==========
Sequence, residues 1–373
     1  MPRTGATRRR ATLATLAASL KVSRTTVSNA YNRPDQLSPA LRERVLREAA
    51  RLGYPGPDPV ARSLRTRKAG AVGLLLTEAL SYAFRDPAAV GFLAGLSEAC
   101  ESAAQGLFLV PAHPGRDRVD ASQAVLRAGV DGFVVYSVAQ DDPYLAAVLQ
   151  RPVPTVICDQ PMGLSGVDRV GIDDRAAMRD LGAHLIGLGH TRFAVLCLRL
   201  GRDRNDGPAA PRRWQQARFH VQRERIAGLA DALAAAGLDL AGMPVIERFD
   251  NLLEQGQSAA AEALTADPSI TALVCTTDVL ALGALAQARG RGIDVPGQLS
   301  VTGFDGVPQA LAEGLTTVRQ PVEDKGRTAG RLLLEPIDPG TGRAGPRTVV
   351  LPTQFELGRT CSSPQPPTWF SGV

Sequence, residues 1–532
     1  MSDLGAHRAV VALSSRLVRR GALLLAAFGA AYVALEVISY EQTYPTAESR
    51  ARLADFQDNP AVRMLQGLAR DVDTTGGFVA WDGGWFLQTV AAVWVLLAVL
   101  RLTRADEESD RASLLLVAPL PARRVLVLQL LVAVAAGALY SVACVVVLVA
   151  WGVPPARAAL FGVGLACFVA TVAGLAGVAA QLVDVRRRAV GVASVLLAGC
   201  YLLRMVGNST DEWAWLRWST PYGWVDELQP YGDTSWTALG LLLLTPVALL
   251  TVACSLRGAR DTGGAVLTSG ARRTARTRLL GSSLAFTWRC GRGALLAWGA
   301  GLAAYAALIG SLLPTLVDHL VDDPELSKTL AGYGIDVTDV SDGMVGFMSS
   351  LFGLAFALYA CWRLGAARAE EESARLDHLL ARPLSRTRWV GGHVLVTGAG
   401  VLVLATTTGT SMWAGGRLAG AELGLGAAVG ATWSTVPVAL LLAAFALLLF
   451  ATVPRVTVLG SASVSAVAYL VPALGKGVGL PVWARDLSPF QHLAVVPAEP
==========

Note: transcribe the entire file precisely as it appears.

Sequence, residues 1–373
     1  MPRTGATRRR ATLATLAASL KVSRTTVSNA YNRPDQLSPA LRERVLREAA
    51  RLGYPGPDPV ARSLRTRKAG AVGLLLTEAL SYAFRDPAAV GFLAGLSEAC
   101  ESAAQGLFLV PAHPGRDRVD ASQAVLRAGV DGFVVYSVAQ DDPYLAAVLQ
   151  RPVPTVICDQ PMGLSGVDRV GIDDRAAMRD LGAHLIGLGH TRFAVLCLRL
   201  GRDRNDGPAA PRRWQQARFH VQRERIAGLA DALAAAGLDL AGMPVIERFD
   251  NLLEQGQSAA AEALTADPSI TALVCTTDVL ALGALAQARG RGIDVPGQLS
   301  VTGFDGVPQA LAEGLTTVRQ PVEDKGRTAG RLLLEPIDPG TGRAGPRTVV
   351  LPTQFELGRT CSSPQPPTWF SGV

Sequence, residues 1–532
     1  MSDLGAHRAV VALSSRLVRR GALLLAAFGA AYVALEVISY EQTYPTAESR
    51  ARLADFQDNP AVRMLQGLAR DVDTTGGFVA WDGGWFLQTV AAVWVLLAVL
   101  RLTRADEESD RASLLLVAPL PARRVLVLQL LVAVAAGALY SVACVVVLVA
   151  WGVPPARAAL FGVGLACFVA TVAGLAGVAA QLVDVRRRAV GVASVLLAGC
   201  YLLRMVGNST DEWAWLRWST PYGWVDELQP YGDTSWTALG LLLLTPVALL
   251  TVACSLRGAR DTGGAVLTSG ARRTARTRLL GSSLAFTWRC GRGALLAWGA
   301  GLAAYAALIG SLLPTLVDHL VDDPELSKTL AGYGIDVTDV SDGMVGFMSS
   351  LFGLAFALYA CWRLGAARAE EESARLDHLL ARPLSRTRWV GGHVLVTGAG
   401  VLVLATTTGT SMWAGGRLAG AELGLGAAVG ATWSTVPVAL LLAAFALLLF
   451  ATVPRVTVLG SASVSAVAYL VPALGKGVGL PVWARDLSPF QHLAVVPAEP